After the war the army conducted a study of the performance of the black volunteers entitled “The Utilization of Black Platoons in White Companies.” In interviews with 1,700 white soldiers, including eighty-four percent of the platoons’ officers, those queried said the blacks had performed “very well.” There was not one instance in which the performance of black troops was rated as poor.
Another surprising aspect of this post-war study was that the color line and racial enmity that had existed between whites and blacks in civilian life, and much of army life during World War II, disappeared at the front. Relations between whites and blacks in combat units were judged to be “excellent.” By war’s end many of the white infantrymen and officers who served with blacks “endorsed the idea of having colored soldiers used as infantry troops.”
After VE Day, however, segregation once again prevailed in the American army. Most of the black volunteers were separated from their infantry and armored divisions and returned to segregated service units prior to being shipped home. In at least two cases black volunteers mutinied and demanded that they be allowed to remain with their infantry units. One incident required the intervention of Brig. Gen. Benjamin O. Davis, America’s first black general, to defuse the crisis.
The pressure for equality in American life following World War II proved irresistible and, in 1948, President Harry S. Truman ordered the integration of the armed forces. It would be a number of years before Truman’s executive order was fully implemented, but the American army, particularly its combat formations, became fully integrated by the mid-1950s. Integration in army combat units began in earnest during the Korean War. Ironically, during the Viet Nam War there were complaints of disproportionate numbers of blacks in the infantry.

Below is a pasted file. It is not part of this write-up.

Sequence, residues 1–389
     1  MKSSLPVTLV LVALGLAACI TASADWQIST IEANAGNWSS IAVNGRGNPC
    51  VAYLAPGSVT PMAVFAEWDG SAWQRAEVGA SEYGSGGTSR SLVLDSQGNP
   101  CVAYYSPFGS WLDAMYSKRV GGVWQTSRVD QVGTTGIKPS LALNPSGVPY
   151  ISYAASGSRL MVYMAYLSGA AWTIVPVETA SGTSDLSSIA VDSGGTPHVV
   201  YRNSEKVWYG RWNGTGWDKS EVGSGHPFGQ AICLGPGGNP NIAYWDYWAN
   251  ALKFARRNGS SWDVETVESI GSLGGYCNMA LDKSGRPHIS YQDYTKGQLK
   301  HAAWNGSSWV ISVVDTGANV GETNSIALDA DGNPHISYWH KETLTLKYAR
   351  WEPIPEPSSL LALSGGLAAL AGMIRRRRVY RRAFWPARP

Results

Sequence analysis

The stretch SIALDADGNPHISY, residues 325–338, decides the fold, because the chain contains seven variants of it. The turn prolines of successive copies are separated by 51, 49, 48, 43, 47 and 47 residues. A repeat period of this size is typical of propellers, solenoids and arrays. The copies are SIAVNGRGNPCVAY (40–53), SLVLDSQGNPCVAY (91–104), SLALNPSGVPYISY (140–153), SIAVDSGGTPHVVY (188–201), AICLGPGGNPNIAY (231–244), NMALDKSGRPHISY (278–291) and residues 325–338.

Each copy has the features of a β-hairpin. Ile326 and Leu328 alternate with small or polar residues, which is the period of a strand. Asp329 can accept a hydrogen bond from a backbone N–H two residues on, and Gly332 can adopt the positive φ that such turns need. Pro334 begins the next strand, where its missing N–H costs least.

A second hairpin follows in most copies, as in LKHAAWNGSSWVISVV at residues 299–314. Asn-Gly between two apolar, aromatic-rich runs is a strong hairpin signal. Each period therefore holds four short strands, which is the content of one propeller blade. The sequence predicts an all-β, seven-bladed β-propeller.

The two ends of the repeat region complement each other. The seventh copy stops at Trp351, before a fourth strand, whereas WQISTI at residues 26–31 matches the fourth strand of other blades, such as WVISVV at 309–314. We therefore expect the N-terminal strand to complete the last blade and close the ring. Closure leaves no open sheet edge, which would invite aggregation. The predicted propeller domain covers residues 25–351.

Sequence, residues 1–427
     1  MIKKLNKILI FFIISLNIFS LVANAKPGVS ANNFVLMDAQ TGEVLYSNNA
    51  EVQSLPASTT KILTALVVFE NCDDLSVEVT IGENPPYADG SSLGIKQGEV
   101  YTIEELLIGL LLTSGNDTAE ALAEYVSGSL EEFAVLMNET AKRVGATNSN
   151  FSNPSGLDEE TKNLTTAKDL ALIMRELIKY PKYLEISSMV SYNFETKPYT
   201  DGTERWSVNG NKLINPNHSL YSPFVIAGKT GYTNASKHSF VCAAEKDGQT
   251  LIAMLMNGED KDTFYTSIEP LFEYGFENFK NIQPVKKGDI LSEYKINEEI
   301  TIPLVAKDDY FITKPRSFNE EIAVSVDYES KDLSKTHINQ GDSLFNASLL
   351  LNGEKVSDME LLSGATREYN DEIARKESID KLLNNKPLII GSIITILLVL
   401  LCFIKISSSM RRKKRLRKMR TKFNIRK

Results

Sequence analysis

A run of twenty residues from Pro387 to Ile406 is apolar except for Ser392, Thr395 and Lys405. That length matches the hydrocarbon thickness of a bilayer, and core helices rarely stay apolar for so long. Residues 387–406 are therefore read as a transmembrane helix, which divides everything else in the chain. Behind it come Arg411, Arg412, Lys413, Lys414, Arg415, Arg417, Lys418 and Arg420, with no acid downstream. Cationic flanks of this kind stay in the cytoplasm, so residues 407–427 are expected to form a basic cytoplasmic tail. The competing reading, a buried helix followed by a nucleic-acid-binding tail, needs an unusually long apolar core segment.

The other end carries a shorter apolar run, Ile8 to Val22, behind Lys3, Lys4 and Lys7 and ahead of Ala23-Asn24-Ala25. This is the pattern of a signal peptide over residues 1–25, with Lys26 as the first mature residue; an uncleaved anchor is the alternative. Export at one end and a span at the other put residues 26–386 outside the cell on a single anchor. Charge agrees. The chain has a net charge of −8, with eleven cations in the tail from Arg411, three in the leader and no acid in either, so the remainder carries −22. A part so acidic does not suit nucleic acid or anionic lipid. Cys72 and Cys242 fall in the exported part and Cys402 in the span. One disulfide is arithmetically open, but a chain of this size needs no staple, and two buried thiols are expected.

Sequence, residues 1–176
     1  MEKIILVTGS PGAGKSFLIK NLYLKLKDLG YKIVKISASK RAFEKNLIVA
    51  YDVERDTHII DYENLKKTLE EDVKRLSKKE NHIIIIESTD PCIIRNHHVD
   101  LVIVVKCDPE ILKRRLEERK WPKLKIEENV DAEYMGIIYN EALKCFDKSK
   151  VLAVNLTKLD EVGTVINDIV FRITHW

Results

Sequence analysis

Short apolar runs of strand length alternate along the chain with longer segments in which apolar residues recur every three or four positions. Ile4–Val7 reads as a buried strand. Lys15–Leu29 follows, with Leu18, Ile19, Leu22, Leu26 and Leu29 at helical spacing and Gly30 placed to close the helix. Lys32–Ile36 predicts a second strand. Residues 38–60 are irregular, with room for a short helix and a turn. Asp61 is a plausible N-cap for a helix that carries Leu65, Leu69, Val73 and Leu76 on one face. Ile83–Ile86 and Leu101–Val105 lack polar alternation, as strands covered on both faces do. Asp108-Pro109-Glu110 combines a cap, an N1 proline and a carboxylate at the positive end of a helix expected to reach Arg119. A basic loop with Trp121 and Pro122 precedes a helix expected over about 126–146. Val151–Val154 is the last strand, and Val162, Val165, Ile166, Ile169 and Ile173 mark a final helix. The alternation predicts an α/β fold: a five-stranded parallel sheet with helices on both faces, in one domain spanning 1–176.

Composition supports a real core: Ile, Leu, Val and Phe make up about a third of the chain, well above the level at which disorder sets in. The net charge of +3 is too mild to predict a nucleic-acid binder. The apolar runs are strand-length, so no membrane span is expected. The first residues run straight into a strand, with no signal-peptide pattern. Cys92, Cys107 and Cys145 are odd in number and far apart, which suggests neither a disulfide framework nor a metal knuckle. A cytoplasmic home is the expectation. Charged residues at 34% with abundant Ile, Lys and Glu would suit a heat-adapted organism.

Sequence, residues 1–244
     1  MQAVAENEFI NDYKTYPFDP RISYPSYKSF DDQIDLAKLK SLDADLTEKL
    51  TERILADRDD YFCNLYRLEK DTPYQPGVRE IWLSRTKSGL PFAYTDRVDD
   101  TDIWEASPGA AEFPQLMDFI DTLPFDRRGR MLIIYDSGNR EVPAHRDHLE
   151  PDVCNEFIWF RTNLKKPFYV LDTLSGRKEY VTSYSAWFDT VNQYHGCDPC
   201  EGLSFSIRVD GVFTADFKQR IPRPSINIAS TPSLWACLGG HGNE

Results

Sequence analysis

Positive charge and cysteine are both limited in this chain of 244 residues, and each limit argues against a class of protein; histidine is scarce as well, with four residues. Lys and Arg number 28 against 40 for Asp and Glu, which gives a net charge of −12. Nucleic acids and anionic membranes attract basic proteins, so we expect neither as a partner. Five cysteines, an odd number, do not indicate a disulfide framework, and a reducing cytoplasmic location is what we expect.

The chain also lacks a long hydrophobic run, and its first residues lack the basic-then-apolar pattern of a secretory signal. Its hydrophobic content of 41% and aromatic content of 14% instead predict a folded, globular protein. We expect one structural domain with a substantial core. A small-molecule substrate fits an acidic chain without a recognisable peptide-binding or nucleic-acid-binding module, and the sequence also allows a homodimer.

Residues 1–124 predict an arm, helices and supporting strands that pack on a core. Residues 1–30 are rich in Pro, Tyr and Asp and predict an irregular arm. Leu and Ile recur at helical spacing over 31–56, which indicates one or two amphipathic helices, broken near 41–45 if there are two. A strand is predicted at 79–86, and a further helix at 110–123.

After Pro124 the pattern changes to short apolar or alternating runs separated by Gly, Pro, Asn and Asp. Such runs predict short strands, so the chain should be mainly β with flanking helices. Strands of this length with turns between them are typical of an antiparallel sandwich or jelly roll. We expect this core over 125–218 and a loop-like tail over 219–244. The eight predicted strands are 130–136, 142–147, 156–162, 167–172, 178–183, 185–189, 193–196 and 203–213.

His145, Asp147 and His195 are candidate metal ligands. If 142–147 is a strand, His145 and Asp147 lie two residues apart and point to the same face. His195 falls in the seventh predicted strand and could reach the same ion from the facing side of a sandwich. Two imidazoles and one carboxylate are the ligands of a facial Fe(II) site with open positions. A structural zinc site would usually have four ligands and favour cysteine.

It is hard to quantify the impact of the black platoons on the later integration of the American army. Did it speed the process of integration in the military and later in civilian life? Many of the black platoon members believe their service helped the cause of racial equality. Post-war commissions studying the problems of segregation in the military looked to the black platoons as examples of how integration had worked in the U.S. Army.
Blood for Dignity is the first chronicle of the black platoons told mostly by surviving members of 5th Platoon, K Company, 394th Infantry Regiment, 99th Infantry Division. The story of the “5th of K” is supplemented by accounts of black platoon members in the two additional regiments of the 99th, and in other combat divisions. The 5th of K went into the line on March 12, 1945, and was put to the test in its first hours of combat. The platoon was engaged in both heavy combat and in mopping up operations in the final months of the war.
While focused mostly on three months of combat, the story of the men of the 5th of K transcends war. It also relates the story of their courage and determination to achieve success and acceptance before and after World War II. Platoon members began life in a segregated culture that relegated them to the status of second class citizens. Through the post-war years they struggled and persevered and today many are successful and aging warriors of the Great Crusade. Above all they are proud African Americans.
This is the story of the men of the black platoons, mostly in war, but also in peace.

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The story of the first African American volunteer infantry platoon in WWII.